The Trinitarios street gang proclaims the Dominican Republic’s motto of “Dios, Patria y Libertad” — God, Fatherland and Liberty — as its own.
The irony seems lost on a crew known for its decidedly unholy bloodlust ever since it formed at a New York City jail in the late ’80s or early ’90s.
What started as a protective band of Dominican inmates at Rikers Island quickly stretched beyond its walls, with the Trinitarios gaining footholds in the Bronx and upper Manhattan. In the nearly three decades since, they have built a multinational empire on a foundation of drug dealing and human trafficking, establishing themselves as one of the fastest-growing gangs in the city.
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That expansion — their ranks are believed to number in the hundreds across the city, and thousands worldwide — left behind a trail of bodies from infighting among subsets and clashes with their fiercest rivals, Dominicans Don’t Play, or DDP.
“Decency and humanity isn’t in their DNA, only killing,” said Camila Garcia, 27, a mom of two young kids who lives near St. James Park in the Bronx, a hotbed for Trinitarios activity. “They’re just as bad as terrorists.”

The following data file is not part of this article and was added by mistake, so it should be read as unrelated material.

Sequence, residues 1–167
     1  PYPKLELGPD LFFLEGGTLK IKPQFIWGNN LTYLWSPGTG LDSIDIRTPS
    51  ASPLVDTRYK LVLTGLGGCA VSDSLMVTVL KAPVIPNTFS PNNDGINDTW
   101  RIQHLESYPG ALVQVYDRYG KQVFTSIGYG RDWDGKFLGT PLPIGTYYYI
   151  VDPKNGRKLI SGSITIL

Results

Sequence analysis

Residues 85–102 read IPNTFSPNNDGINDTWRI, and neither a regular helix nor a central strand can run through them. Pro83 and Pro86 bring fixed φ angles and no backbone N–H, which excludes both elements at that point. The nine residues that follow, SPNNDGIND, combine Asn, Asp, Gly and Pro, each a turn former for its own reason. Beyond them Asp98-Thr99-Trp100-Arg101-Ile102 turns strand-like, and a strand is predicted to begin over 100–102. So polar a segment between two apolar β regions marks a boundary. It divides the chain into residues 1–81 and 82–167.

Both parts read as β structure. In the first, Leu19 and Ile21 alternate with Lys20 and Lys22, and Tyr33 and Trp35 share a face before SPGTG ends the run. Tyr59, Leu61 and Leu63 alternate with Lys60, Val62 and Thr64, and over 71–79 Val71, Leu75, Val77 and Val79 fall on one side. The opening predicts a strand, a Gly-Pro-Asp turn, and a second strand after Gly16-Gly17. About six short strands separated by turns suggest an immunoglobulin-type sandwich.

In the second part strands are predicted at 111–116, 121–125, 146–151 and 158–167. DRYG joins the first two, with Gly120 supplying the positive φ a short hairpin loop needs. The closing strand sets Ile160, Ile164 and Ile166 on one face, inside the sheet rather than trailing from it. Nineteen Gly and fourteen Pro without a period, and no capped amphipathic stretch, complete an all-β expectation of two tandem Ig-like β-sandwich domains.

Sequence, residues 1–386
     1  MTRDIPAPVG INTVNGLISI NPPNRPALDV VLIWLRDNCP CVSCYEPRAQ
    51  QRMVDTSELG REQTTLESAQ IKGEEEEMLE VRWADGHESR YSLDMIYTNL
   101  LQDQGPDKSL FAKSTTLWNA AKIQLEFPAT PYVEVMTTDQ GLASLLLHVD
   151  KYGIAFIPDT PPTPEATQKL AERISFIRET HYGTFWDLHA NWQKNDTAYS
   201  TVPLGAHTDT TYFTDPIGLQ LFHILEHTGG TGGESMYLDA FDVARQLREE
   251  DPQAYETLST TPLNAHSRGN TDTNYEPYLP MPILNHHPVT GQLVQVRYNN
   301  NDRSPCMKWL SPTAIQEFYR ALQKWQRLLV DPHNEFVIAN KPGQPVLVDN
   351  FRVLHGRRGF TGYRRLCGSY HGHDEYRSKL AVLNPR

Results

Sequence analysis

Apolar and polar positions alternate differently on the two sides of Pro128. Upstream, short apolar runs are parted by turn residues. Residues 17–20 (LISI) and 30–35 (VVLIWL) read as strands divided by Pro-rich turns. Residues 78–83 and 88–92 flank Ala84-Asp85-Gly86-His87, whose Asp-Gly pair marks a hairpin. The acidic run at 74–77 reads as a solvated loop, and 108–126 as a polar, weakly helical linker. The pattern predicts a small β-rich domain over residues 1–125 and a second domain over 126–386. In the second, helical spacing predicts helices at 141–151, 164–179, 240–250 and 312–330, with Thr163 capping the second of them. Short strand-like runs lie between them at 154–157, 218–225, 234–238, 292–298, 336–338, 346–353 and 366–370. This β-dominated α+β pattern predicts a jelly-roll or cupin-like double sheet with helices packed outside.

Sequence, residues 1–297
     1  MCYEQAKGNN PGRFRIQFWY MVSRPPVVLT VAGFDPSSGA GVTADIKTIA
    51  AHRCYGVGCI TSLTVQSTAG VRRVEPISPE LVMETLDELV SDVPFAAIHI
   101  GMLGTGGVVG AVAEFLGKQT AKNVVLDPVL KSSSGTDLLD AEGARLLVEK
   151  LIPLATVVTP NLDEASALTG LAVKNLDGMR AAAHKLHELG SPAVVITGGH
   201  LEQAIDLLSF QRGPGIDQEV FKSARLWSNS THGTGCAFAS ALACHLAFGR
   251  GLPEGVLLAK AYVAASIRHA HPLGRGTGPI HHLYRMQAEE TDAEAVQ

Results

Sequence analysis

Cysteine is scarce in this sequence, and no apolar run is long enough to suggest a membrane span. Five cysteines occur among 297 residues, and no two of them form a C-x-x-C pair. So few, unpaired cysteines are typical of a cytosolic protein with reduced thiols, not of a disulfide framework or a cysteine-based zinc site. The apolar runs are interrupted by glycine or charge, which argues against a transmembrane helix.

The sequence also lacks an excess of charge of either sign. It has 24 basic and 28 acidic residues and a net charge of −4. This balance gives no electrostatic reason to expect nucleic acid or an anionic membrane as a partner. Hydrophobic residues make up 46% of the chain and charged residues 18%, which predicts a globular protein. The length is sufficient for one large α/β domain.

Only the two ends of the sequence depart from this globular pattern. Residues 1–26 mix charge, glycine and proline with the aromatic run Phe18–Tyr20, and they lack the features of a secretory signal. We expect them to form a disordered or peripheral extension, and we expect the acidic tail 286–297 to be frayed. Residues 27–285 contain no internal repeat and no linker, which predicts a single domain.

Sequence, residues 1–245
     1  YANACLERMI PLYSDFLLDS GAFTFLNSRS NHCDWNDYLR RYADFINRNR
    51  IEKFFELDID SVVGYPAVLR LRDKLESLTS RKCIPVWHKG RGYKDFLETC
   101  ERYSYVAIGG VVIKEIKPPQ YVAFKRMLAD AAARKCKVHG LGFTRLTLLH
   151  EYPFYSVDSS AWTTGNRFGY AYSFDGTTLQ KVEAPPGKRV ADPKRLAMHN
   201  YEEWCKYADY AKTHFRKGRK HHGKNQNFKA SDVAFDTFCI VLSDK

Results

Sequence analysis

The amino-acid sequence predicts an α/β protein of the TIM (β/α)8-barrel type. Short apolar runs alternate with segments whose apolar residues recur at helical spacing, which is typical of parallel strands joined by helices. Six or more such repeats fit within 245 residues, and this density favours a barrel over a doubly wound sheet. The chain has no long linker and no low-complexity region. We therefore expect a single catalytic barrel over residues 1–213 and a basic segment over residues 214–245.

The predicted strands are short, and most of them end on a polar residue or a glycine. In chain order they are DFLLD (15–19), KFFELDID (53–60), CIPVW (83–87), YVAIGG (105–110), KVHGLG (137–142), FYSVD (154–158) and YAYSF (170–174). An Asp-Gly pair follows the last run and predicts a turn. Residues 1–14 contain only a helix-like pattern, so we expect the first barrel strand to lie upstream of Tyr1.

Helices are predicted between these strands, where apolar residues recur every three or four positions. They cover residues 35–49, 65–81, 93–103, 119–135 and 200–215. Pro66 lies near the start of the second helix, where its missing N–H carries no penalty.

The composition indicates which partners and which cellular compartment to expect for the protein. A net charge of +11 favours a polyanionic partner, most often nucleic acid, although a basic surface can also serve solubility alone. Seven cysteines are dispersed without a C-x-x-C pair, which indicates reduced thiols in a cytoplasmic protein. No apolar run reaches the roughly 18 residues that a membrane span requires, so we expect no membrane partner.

The collateral damage of the gangs’ often haphazard and sloppy brand of violence has at times spilled over to include innocents — most recently an aspiring-NYPD-cop teen butchered in a case of mistaken identity.
“[The Trinitarios are] definitely getting big,” said one high-ranking police source, who has personally arrested at least a dozen of their members in the Bronx. “The NYPD ought to start paying a lot more attention to them.”
Before anyone ever donned the Trinitarios’ red-white-blue-and-green gang hues — an homage to the Dominican flag, plus the green to differentiate from DDP’s black — co-founder Leonides “Junito” Sierra had blood on his hands.
Sierra was behind bars on Rikers Island on a 1989 murder conviction when he and a handful of fellow Dominican inmates formed the Trinitarios to protect each other from attacks by rival cliques, including the Bloods, Crips and Latin Kings.
The co-founders of the Trinitarios — which translates loosely to the Trinity Brotherhood — styled themselves after a trio of revolutionaries who helped liberate the Dominican Republic from Haitian rule in the 1840s: Juan Pablo Duarte, Matías Ramón Mella and Francisco del Rosario Sánchez.
Sierra remains in prison to this day, sentenced in 2014 to another 19 years for leading the Trinitarios from his cell at the upstate Attica Correctional Facility — including ordering murders — but the gang hit the streets of New York long ago.